The stratum corneum has three lipid components: ceramides, cholesterol, and fatty acids. This is called the acid mantle and keeps the skins pH at a slightly acidic pH, usually around 5,5. The pH is important because it keeps the skin an inviting home for the benign bacteria you want to have living on your skin: The kind that doesn't cause you problems and will out-compete the malign bacteria you don't want to have living on your skin.

What can we use this for?
To work with the natural function of the skin, there are three important points:
  • Exfoliating gently. Exfoliating is one of the quickest and easiest things you can do to make your skin glow. But exfoliating works exactly by removing the stratum corneum to let the lower layers "glow" through. It doesn't mean that exfoliating is something to avoid completely, but there are gentle methods to chose. If you have sensitive skin, a cleansing brush tools may offer you enough exfoliating. 
  • Protect your skin pH. Some products are well outside of the skin-friendly pH range. Look for the pH of the product on the label, or look it up. 
  • Beware of desinficering your skin. It might seem like a good idea to kill off bacteria, but you don't want to kill your friendly bacteria and invite unfriendly bacteria to take their places.
A side note: Skin care products to protect and support the stratum corneum to keep your skin healthy, is predicted to become "the next big thing" in Korean skincare.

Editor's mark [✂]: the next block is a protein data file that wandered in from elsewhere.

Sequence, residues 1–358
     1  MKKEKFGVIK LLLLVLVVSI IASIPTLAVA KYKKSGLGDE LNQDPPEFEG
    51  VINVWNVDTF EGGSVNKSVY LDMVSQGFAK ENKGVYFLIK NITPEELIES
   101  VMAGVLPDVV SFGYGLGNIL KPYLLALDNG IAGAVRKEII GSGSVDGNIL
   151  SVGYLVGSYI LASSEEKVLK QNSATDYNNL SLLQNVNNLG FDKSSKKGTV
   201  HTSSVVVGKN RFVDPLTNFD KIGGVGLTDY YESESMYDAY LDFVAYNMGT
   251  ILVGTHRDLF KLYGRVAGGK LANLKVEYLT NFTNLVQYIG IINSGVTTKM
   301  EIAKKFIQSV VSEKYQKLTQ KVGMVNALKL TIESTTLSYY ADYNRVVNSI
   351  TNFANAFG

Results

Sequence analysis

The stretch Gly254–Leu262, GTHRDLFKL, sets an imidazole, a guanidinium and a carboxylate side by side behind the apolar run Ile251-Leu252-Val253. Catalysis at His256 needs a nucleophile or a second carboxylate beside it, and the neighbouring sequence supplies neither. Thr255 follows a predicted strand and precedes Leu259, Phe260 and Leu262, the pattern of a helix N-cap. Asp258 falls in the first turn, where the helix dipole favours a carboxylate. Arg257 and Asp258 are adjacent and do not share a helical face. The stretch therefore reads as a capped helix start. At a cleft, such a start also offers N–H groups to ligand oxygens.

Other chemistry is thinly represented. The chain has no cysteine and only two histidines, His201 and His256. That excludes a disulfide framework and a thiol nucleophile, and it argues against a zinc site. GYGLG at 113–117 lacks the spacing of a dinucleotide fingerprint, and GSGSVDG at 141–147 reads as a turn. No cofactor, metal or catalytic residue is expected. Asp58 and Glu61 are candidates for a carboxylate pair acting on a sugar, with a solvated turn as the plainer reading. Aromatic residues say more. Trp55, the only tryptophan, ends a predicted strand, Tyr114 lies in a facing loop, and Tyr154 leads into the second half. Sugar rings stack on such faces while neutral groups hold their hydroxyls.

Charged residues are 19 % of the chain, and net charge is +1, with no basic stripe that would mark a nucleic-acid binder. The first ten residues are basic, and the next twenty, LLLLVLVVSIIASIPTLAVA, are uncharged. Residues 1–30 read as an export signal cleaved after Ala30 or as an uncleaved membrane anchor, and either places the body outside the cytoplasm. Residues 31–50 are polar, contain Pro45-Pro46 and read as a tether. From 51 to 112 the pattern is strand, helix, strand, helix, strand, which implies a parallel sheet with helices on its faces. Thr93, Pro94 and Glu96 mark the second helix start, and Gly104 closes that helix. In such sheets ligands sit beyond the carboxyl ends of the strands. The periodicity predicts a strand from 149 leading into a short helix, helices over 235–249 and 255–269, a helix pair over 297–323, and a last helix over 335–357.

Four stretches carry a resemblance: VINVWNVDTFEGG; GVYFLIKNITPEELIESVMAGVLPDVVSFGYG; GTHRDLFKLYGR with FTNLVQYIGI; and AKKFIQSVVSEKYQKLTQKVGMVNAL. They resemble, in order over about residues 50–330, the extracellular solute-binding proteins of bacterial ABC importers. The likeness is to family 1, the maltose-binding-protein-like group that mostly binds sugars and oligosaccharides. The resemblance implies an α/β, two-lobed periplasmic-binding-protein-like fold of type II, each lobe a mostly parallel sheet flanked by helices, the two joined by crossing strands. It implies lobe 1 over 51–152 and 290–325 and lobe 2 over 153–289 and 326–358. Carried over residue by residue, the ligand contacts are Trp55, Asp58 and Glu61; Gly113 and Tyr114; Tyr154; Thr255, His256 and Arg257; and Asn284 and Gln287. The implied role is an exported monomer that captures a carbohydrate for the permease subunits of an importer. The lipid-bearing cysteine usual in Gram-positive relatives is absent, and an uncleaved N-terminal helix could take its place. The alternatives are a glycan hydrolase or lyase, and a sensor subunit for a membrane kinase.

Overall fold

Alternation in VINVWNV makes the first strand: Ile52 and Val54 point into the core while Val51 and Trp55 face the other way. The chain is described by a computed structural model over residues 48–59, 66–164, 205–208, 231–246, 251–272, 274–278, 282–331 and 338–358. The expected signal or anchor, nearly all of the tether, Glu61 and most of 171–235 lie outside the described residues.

TL;DR version: Clean the right stuff!
When you have sensitive and easily irritated skin, you will often subconsciously touch your skin. This is not something you can do anything about, short of tying your hands together or something. You feel the irritation, often subconsciously, and you touch the irritation, equally subconsciously. What you can do, is to limit the amount of dirt and bacteria you transfer from your surroundings to your skin via your fingers.
  • Clean your hands! Soap + water and a gentle hand cream. 
  • The amount of bacteria you carry with you under your nails is just crazy. Keep your nails short to literally limit how much room there is for dirt and bacteria. Clean your nails often.
  • Disinfect the surfaces you touch a lot: Keyboards, your mouse, work tables, phones, door handles (Especially non-metal door handles) the steering wheel of your car, remote controls etc. 

Hell is other people
There is a lot of truth to this if you have sensitive, troublesome skin. Everyone will want to fix you help you. They seem to fall in two categories:

The guru
"Why dont you just do what I do?"
The guru has good skin. Bulletproof skin. The kind of skin that can survive a high-perfume, abrasive, dehydrating, dye-full skincare routine. The guru gets their information from glossy advertisements and those totally real and totally not sponsored reviews she finds at mainstream sources. The guru barely even knows that there are different skintypes, and even if they do know, they think sensitive skin is something that can be cured(!). Since the guru has such naturally good skin, the guru never bothered to read independent, non-sponsored information about skin and skincare. The guru really, truly, honestly believed that if everyone just did what she does, no one on the planet would ever have any skin trouble.

The guru is a moron.

But if you can demonstrate that you actually really know what your're talking about, you just might get the guru to shut their face.

The scholar
"I just read about this thing....!"